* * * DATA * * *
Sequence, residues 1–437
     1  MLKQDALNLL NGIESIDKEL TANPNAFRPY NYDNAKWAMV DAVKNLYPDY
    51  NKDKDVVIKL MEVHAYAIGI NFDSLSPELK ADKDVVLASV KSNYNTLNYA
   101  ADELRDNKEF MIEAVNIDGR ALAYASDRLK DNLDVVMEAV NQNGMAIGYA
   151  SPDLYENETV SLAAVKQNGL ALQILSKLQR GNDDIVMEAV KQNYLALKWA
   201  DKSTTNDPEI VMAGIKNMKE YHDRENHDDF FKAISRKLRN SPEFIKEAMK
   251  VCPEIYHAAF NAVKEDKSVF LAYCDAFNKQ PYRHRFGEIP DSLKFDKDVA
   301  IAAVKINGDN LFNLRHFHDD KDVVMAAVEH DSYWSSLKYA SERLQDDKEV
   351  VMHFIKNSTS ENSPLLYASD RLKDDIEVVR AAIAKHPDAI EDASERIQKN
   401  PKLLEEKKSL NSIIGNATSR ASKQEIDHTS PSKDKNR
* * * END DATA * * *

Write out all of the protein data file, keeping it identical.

Sequence, residues 1–437
     1  MLKQDALNLL NGIESIDKEL TANPNAFRPY NYDNAKWAMV DAVKNLYPDY
    51  NKDKDVVIKL MEVHAYAIGI NFDSLSPELK ADKDVVLASV KSNYNTLNYA
   101  ADELRDNKEF MIEAVNIDGR ALAYASDRLK DNLDVVMEAV NQNGMAIGYA
   151  SPDLYENETV SLAAVKQNGL ALQILSKLQR GNDDIVMEAV KQNYLALKWA
   201  DKSTTNDPEI VMAGIKNMKE YHDRENHDDF FKAISRKLRN SPEFIKEAMK
   251  VCPEIYHAAF NAVKEDKSVF LAYCDAFNKQ PYRHRFGEIP DSLKFDKDVA
   301  IAAVKINGDN LFNLRHFHDD KDVVMAAVEH DSYWSSLKYA SERLQDDKEV
   351  VMHFIKNSTS ENSPLLYASD RLKDDIEVVR AAIAKHPDAI EDASERIQKN
   401  PKLLEEKKSL NSIIGNATSR ASKQEIDHTS PSKDKNR